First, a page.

Politics and the policy hurdles to solar in Germany again dominated discussions on the second day of the 14th Forum Solarpraxis in Berlin today.
Representatives of the solar industry opposed the imposition of a levy on self-consumption of solar energy, a proposal being considered by both the CDU and SPD parties as talks continue to thrash out a grand coalition federal government for Germany.
As the forum went into the afternoon of its final day, solar representatives called for the proposed levy to be scrapped to prevent it stifling the fast-growing self consumption market in Germany, or at least to exempt the smallest household installations from such a charge.
Volker Quaschning, of HTW Berlin university, said that, as part of the necessary political framework to support solar in Germany, the 52 GW cap on grid connected solar imposed by the government must be removed.
Dr Quaschning said that for Germany to achieve an ambitious aim of 100% renewable energy, 200 GW of solar would be needed by 2040. Also, added Dr Quaschning, 8 GW per year of solar installations will be required if Germany is to meet the ambitious greenhouse gas emissions targets announced by government representatives at the UN’s COP 19 conference of parties climate change summit in Warsaw this week.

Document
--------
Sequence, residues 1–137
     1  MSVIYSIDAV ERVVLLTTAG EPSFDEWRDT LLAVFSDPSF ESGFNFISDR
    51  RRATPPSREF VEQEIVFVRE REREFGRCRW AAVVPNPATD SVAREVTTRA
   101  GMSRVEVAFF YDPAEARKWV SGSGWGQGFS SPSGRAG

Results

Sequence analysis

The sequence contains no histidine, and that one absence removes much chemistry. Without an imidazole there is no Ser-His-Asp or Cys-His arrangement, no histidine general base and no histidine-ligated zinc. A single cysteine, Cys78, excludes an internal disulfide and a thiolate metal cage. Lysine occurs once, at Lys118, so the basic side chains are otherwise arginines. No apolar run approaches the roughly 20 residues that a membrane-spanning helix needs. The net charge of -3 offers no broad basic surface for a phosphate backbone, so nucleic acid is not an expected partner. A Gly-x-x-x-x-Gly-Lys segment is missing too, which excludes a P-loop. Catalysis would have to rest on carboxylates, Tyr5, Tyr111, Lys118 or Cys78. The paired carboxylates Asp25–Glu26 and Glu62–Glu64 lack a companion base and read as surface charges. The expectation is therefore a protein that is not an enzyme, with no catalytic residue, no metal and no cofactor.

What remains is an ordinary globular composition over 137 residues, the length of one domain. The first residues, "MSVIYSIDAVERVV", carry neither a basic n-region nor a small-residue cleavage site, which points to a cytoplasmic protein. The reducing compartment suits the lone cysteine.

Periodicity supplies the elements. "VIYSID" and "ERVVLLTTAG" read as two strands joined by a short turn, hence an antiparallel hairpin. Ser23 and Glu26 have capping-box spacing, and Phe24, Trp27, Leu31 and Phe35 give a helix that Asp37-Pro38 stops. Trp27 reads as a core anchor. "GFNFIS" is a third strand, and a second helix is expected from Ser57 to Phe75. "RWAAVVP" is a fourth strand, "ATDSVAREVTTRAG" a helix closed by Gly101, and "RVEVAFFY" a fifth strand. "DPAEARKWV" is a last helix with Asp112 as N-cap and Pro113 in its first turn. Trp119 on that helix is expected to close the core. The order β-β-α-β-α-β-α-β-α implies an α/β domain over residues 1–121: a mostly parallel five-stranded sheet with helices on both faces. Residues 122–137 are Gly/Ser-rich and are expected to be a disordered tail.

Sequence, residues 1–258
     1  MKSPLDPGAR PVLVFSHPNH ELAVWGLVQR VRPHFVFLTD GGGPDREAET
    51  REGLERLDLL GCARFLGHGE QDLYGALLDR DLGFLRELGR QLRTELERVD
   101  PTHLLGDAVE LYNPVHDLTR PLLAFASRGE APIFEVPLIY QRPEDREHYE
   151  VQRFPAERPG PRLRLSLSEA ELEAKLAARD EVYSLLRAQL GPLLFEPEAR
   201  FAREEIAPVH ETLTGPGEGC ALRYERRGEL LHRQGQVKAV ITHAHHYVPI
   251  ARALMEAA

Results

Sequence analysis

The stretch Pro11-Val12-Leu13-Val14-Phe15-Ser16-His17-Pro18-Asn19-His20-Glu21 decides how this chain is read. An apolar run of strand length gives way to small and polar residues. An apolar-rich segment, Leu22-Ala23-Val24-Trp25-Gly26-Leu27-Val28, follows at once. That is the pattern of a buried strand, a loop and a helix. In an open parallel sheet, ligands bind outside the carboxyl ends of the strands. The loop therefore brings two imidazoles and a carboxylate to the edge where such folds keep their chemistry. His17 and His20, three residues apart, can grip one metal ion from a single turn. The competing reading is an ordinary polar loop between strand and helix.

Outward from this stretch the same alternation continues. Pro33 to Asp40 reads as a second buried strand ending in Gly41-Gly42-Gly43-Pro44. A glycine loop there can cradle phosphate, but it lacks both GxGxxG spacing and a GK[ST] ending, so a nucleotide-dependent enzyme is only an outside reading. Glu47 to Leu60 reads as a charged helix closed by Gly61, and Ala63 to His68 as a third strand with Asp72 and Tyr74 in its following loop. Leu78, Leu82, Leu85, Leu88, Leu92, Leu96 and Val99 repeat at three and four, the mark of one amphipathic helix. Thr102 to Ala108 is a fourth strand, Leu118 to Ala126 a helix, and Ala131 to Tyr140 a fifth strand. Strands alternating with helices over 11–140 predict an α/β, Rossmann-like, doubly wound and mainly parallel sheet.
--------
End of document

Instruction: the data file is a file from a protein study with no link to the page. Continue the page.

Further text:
Rainer Brohm, of German federal solar industry association the BSW, called for the significant administrative hurdles to local distribution of solar to be removed by the authorities.
The local, small scale distribution model whereby local generators sell power to nearby homes on small scale grids is a promising one but faces too many hurdles at present, said Brohm. Permitting, taxation and registration costs must be removed he said while echoing the widely heard sentiment at the forum that storage system costs also need to be reduced through R&D, to make such a business model viable.
There was widespread agreement to the notion storage costs need to be reduced below their current 1,000/kW (US$1,350/kW) level.
There was also a widespread consensus in Berlin that solar needs to realise its potential in Germany, a country with 55 million balconies that could be upgraded with solar systems and with many millions more rooftops that could accommodate solar.
Part of realising that potential involves the industry successfully communicating the potential of solar to the public and attendees at the forum agreed it was imperative solar associations up their game regarding communications strategy.